, Staff Writer
RALEIGH – Residents of northwest Raleigh stayed on the lookout Monday for the bear or bears that traipsed through their neighborhoods Sunday, but there were no further sightings.Law enforcement officials on both sides of the Wake-Durham county line received calls Sunday morning from residents surprised by a furry visitor.
David DeVerter, who lives at Dawn Piper Drive in Raleigh, grabbed his camera when he saw a black bear walk through his side yard, past the white picket fence and down his suburban street.
His photos show a young bear estimated to weigh 100 pounds.
“I’d seen a fox in my yard one time, but nothing like this,” DeVerter recalled Monday. “It was very obviously a bear.”
Black bears are the only bear species native to the state.
Once forced by hunters and farmers into shrinking enclaves in the mountains or coastal swamps, North Carolina’s black bear population is rebounding just as the state’s population is booming. And black bears have expanded their range in the past 30 years.
As a result, bears and people are crossing paths more often. Bears aren’t as ubiquitous as the white-tailed deer, an animal that seems to thrive at the woodsy edge of the suburbs, but sightings of the lumbering creatures aren’t unheard of in the Piedmont, wildlife experts say.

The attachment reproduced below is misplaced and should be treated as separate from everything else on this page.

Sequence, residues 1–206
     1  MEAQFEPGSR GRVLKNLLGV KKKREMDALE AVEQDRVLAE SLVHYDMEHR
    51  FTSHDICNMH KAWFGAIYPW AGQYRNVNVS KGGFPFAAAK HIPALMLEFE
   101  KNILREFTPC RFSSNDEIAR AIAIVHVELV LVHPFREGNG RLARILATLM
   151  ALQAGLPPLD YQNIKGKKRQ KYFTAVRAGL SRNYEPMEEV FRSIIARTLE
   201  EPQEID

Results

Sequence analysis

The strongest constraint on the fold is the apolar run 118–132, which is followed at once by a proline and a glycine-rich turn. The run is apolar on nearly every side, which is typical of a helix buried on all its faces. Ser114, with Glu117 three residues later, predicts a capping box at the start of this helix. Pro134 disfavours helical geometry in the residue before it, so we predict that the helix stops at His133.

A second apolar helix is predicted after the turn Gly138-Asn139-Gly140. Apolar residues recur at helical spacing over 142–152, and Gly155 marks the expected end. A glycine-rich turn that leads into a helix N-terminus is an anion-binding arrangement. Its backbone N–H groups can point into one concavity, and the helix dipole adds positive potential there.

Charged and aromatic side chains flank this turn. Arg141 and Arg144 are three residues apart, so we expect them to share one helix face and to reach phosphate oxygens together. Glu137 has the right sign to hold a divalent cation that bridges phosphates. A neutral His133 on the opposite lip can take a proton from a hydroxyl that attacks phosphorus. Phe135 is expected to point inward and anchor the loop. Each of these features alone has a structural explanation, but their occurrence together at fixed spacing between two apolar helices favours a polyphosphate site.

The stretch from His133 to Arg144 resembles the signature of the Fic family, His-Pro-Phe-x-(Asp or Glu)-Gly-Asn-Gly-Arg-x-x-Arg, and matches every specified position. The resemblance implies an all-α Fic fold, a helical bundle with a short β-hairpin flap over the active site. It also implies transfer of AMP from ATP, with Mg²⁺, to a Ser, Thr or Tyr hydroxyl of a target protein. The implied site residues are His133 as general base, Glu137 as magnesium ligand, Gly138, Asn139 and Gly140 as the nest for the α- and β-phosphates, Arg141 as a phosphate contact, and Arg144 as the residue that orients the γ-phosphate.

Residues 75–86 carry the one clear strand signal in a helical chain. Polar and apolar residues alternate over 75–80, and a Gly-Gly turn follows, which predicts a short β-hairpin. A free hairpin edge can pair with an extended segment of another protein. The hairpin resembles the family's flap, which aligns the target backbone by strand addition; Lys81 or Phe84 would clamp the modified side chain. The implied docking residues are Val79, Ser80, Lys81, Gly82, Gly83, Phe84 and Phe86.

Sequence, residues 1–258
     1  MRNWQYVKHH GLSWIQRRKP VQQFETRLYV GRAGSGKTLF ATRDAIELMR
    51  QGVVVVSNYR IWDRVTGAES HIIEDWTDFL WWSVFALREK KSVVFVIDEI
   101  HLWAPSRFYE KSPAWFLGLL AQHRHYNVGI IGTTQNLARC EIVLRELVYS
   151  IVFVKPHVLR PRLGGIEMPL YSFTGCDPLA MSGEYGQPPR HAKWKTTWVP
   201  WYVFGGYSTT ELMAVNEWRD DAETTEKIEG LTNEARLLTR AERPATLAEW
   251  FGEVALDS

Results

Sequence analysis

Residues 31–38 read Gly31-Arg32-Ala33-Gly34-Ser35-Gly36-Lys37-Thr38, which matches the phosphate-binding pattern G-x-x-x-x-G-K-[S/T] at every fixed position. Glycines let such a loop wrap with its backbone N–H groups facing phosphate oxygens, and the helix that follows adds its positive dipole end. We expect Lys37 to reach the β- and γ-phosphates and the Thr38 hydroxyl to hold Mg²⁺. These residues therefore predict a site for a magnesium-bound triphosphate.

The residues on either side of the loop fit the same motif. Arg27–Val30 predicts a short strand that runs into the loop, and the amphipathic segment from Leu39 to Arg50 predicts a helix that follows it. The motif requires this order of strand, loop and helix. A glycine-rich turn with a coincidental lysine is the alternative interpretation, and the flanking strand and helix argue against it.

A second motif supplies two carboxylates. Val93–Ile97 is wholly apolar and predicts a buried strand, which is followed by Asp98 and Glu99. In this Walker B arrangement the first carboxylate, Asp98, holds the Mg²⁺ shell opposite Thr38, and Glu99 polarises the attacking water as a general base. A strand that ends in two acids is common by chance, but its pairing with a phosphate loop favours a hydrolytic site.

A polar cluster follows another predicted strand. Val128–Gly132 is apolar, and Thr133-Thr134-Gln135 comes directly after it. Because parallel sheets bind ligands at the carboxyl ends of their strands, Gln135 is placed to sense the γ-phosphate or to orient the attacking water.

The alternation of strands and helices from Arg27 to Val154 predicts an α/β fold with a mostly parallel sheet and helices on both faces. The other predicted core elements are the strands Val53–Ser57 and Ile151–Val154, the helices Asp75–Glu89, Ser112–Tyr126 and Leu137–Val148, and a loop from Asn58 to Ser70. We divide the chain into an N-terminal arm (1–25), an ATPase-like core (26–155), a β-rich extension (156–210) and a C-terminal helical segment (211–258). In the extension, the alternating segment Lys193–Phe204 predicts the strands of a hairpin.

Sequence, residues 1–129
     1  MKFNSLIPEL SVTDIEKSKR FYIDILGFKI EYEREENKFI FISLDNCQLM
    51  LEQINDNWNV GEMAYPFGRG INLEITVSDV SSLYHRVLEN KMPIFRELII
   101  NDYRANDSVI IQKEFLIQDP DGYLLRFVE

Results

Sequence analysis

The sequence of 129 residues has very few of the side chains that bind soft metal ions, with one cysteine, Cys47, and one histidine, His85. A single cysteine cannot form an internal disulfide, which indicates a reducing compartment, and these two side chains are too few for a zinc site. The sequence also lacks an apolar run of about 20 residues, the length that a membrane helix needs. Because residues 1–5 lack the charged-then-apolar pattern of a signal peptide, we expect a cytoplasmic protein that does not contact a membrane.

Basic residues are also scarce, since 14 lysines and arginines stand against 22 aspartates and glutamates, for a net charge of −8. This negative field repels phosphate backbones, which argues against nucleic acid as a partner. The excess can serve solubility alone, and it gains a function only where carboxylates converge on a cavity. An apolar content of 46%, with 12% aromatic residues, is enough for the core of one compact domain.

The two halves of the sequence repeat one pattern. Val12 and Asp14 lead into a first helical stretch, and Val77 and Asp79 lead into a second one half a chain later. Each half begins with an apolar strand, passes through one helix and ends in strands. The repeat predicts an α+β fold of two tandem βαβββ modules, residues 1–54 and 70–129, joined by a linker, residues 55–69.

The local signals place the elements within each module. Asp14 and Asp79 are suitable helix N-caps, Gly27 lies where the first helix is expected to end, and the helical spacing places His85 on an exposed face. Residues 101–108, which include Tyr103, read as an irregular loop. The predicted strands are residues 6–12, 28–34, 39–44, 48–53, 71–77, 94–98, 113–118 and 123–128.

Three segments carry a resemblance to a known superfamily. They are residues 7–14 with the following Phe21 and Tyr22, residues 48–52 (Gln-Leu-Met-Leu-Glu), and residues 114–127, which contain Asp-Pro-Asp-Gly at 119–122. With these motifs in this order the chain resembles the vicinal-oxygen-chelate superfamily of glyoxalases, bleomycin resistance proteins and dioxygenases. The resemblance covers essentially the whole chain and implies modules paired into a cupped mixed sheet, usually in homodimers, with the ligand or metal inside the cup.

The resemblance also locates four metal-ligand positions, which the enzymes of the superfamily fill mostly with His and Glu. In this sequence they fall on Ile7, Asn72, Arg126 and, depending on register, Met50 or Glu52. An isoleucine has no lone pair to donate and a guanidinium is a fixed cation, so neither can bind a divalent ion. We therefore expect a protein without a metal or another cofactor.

Tom McKemie, who lives about a half mile from DeVerter, saw a bear in his backyard off Indigo Moon Way in Raleigh about 8:30 a.m. Sunday. He was one of those who dialed 911.
“He wasn’t in a hurry, just walking through like he had somewhere to be,” McKemie said Monday. “We see deer like crazy around here, but never a bear.”
Other residents reported seeing a bear in Durham County behind the Wal-Mart store off Brier Creek Parkway, as well as crossing through a nearby cemetery.
Authorities were not sure whether the sightings were of one bear or whether there may have been two bears — a mother and a cub.
McKemie, who saw the photos taken by DeVerter, is convinced he saw a different bear.
“I think my bear was bigger,” he said.
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